San Francisco
Email: maximuskim@hotmail.com

“When Bertolt Brecht saw a Japanese mask of an evil demon,
he wrote how its swollen veins and hideous grimaces ‘all betake /
what an exhausting effort it takes / To be evil.’ The same holds
for violence which has any effect on the system.”
-Slavoj Zizek

Course Summary

This course is designed to explore a certain nihilistic dimension in contemporary East Asia – the hikikomori phenomenon in Japan, the pitilessness in New Korean Cinema, the increasing influence of guangchang giant malls in China, etc, etc – through its art, texts, and films. We will begin by discussing issues of violence, utopia, and “evil” as they relate to the disavowed ghosts that haunt East Asia: North Korean totalitarianism, the psychic deadlocks discernible in otaku culture, the specter of the revolutionary Chinese future from the first sentence of The Communist Manifesto. In Jonathan Romney’s May 2006 Artforum article on the South Korean filmmaker Park Chan-wook, Romney makes a series of observations about Park’s oeuvre. His stories evoke “absurdity, futility, inevitability: Park’s characters are, as it were, always destined to shoot themselves in the head, and although it will always be the right head-the one that hurts-it will also be the wrong one, for all action in Park’s universe is doomed to catastrophe.” It is precisely against this background that this course will pay particular attention to the nihilistic moments when the Absolute appears in all its “absurdity, futility, inevitability:” from Park’s last man who discovers that familial piety is an illusion, to Kim Jong-il’s obscene familial investment in the figure of the Leader; from the extremely fragile cognitive mapping cultivated by Takashi Murakami’s Tokyo Girls, to the subversion of the cyborg-comic mode of existence guaranteed by Giant Robot; in all of these examples, we will hopefully see how the implicit reference to some traumatic kernel keeps the dream of a utopian universe alive.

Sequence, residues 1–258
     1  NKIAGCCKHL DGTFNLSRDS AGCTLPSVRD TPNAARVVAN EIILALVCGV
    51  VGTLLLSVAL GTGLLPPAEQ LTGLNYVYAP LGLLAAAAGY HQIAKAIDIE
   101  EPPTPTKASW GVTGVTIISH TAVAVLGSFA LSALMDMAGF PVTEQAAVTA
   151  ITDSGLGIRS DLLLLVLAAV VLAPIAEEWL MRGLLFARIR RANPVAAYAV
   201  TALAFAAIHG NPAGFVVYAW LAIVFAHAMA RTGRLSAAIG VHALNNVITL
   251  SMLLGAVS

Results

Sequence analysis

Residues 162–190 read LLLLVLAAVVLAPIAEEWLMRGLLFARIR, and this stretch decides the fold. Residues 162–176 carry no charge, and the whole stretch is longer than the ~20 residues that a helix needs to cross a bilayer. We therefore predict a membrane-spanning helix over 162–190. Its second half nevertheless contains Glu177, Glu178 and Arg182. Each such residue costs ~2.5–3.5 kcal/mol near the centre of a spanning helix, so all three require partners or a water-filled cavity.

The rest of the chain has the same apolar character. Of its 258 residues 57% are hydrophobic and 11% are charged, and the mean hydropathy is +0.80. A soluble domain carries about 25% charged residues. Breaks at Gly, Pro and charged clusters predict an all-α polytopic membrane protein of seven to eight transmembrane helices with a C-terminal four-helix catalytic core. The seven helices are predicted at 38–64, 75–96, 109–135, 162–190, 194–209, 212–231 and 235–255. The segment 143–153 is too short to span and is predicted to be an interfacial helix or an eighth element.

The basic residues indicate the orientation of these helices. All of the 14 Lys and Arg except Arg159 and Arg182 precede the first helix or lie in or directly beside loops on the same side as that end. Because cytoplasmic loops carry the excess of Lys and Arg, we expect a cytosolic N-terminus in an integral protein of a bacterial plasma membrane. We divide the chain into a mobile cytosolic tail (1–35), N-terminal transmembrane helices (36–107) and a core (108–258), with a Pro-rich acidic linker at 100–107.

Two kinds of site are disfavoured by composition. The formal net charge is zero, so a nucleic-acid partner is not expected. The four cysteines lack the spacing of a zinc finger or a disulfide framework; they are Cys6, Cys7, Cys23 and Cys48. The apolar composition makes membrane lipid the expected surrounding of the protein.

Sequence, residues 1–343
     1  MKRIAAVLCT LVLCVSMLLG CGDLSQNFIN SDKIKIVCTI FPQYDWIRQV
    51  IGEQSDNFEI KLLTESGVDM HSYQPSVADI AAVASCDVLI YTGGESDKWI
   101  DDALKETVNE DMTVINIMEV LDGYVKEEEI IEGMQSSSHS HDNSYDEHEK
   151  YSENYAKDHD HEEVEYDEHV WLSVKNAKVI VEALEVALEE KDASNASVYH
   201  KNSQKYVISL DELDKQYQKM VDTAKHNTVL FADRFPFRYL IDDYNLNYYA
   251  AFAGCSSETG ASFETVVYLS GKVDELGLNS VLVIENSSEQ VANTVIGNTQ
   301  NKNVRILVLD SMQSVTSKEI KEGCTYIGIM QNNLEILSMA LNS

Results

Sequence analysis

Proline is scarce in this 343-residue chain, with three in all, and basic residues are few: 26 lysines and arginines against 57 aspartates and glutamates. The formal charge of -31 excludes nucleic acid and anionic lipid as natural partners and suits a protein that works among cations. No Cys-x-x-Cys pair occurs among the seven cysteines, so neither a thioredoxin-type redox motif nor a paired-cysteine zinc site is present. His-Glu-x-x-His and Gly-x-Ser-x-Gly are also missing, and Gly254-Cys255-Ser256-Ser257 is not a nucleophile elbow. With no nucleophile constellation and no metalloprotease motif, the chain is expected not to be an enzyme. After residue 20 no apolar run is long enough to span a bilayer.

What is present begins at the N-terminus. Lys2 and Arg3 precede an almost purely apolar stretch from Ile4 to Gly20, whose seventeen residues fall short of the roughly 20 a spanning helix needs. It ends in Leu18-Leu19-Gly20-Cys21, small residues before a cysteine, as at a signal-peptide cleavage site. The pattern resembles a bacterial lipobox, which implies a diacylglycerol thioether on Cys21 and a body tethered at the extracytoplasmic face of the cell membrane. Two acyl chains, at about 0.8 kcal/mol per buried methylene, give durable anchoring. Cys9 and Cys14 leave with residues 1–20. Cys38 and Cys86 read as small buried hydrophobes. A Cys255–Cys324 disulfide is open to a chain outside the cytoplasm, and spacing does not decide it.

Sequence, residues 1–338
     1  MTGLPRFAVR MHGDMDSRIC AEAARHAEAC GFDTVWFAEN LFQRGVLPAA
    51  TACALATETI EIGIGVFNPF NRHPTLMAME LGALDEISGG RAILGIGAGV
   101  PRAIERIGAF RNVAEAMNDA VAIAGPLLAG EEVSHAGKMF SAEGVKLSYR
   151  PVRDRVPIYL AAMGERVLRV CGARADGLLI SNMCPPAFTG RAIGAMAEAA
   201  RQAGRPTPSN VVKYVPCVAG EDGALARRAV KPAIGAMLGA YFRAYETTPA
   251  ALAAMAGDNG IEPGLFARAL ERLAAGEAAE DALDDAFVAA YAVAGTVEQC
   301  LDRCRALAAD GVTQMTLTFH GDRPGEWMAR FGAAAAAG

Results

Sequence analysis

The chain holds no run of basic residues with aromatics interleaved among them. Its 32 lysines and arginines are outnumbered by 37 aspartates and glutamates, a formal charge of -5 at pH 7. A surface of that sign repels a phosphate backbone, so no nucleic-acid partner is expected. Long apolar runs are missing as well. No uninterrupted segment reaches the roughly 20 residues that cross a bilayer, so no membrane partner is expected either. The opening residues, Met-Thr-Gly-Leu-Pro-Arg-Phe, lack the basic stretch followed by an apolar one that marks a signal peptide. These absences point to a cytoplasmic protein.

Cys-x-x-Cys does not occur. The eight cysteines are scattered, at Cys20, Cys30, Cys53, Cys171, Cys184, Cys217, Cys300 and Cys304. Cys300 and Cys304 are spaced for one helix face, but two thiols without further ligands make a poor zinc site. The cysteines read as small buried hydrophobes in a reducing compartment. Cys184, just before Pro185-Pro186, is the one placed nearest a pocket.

Suggested Texts
Michael Zielenziger, Shutting out the sun: how Japan created its own lost generation
Kim Jong Il, On the Art of the Cinema
Dai Jinhua, Cinema and Desire: Feminist Marxism and Cultural Politics in the Work of Dai Jinhua
Ryu Murakami, Piercing
Banana Yoshimoto, NP
Chun Sue, Beijing Doll
Guy Delisle, Pyongyang: A Journey in North Korea
Hyok Kang, This is Paradise! My North Korean Childhood

Course Requirements
– Faithful attendance / meetings and office hours negotiable
– Regular weekly readings
– Take-home Midterm Creative Project / Essay
– Take-home Final Creative Project / Essay

General Policies
1. Attendance: Absences may be offset with meetings and office hours
2. Deadlines: Creative assignments are due at the beginning of workshops. Constructive criticisms only; the group will not tolerate personal attacks. Workshops will not accept any papers more than one week late.
3. Format: All essays must be typed, double-spaced with one-inch margins, paginated and stapled (please do not use folders or report covers). Feel free to use MLA format as outlined in MLA Handbook for Writers of Research Papers (fifth edition).
4. Office hours: All students are greatly encouraged to visit me during my office hour throughout the quarter. If you are unable to visit me at this time, please feel free to contact me so we may arrange an alternate time to meet.

Schedule
2/22 Shutting out the Sun; after class optional screening of Kiyoshi Kurosawa’s Bright Future (2003)
2/24 Shutting out the Sun; after class optional screening of Tekkonkinkreet (2007)
3/1 Workshop
3/3 Workshop
3/8 On the Art of the Cinema; after class optional screening of Paprika (2007)
3/10 On the Art of the Cinema; after class optional screening of The Pervert’s Guide to Cinema (2006)
3/15 On the Art of the Cinema; Workshop
3/17 Workshop
3/22 Cinema and Desire
3/24 Cinema and Desire